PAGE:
Re: IBU scales, why so different
« Reply #9 on: September 13, 2012, 01:12:02 PM »
time to bitter with dandelion
Don AHA member

Offline Kaiser

  • Global Moderator
  • Senior Brewmaster
  • *****
  • Posts: 1797
  • Imperial Brewing Geek
    • View Profile
    • braukaiser.com
Re: IBU scales, why so different
« Reply #10 on: September 13, 2012, 04:14:54 PM »
Didn't Tinseh measure the IBUs of errors taken from the boil at different times? there is a loss on the order of 30% during fermentation.

I don't use IBU estimation.

But when I did, I quickly learned that it its only useful to compare your own beers. you should base your estimated IBU target on past beers you brewed that had the desired bitterness.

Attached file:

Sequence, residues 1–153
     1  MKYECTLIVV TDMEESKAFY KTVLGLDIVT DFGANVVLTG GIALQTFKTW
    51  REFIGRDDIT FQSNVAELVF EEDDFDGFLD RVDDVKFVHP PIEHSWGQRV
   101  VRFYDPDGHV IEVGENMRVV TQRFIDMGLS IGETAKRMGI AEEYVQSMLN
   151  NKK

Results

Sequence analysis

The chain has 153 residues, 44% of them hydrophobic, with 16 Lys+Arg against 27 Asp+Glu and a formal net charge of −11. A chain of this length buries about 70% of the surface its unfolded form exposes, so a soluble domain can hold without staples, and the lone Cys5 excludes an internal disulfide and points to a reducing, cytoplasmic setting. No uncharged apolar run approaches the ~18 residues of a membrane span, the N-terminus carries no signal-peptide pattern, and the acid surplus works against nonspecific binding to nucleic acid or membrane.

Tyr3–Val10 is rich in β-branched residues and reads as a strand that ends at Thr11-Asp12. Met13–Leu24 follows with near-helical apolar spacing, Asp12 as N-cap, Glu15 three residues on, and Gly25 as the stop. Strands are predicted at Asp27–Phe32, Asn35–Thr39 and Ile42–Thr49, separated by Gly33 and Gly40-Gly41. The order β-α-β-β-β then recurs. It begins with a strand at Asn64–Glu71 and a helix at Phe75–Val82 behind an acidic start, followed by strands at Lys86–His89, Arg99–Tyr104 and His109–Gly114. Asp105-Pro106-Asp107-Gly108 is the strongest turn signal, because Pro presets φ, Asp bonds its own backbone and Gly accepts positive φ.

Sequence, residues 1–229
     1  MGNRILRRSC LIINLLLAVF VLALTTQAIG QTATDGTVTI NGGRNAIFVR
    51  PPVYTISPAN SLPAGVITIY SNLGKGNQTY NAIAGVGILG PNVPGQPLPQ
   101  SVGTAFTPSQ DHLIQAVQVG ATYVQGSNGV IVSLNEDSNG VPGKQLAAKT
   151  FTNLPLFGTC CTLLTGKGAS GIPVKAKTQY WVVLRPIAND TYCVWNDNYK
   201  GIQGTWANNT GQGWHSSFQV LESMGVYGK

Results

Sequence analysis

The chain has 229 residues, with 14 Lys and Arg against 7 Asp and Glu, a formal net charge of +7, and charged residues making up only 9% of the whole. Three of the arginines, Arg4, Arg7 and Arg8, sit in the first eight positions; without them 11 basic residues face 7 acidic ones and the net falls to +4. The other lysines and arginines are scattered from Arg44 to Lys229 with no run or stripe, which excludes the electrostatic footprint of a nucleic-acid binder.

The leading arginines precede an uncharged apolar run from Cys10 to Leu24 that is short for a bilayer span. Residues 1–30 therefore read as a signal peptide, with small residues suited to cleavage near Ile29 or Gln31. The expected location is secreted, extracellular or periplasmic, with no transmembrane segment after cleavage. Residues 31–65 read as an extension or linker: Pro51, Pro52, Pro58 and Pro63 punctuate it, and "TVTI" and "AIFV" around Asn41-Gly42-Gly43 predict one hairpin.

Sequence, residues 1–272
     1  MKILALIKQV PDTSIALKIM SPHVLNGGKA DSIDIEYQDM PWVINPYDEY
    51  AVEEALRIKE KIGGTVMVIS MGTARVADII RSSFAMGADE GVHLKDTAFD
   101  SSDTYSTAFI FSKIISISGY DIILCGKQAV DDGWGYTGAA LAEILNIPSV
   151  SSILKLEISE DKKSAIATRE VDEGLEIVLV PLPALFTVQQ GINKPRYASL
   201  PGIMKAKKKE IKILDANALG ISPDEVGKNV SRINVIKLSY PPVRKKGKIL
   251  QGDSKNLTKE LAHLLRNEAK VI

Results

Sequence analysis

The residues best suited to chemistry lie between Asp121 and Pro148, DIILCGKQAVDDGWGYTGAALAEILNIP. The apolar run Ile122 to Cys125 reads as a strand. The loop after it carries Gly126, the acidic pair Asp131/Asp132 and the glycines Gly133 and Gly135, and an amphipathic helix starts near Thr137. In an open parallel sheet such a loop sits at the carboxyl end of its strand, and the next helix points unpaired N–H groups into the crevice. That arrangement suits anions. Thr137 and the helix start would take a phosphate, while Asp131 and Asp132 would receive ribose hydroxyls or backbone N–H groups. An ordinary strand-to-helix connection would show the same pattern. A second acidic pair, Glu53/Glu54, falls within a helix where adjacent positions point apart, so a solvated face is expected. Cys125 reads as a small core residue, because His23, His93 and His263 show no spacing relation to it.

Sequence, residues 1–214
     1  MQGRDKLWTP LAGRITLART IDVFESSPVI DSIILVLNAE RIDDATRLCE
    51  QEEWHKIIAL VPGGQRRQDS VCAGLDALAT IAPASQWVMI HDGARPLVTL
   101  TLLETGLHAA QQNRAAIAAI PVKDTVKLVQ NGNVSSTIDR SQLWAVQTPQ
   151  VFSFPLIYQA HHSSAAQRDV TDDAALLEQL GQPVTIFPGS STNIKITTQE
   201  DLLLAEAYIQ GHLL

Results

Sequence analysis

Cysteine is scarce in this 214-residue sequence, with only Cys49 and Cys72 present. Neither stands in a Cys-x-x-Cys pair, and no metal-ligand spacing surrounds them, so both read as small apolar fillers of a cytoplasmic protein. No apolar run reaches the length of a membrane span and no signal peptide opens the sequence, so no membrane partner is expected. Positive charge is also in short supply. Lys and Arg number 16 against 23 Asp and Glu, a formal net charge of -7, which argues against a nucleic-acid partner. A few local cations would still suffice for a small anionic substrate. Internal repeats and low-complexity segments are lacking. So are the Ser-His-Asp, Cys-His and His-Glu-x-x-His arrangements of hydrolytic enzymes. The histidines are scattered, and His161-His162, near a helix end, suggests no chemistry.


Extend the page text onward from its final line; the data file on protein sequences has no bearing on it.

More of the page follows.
Kai

Offline hopfenundmalz

  • Official Poobah of No Life.
  • *
  • Posts: 4536
  • Milford, MI
    • View Profile
Re: IBU scales, why so different
« Reply #11 on: September 14, 2012, 05:12:49 AM »
Kai, that would be a good question for Tinseth.

I know that the numbers I got were for finished beer, and were pretty close to what the Tinseth formula said. Well except for the double IPA that was calculated to be very high in the 100 range, but tested at 67 IBU IIRC.
Jeff Rankert
Ann Arbor Brewers Guild, AHA Member, BJCP Certified
Home-brewing, not just a hobby, it is a lifestyle!

Offline nateo

  • Brewmaster General
  • *******
  • Posts: 2162
  • Aachen, DE
    • View Profile
Re: IBU scales, why so different
« Reply #12 on: September 14, 2012, 06:31:52 AM »
Here's a visual representation of a couple of different IBU formulae. I like Tinseth because his curve looks like a classical chemical reaction.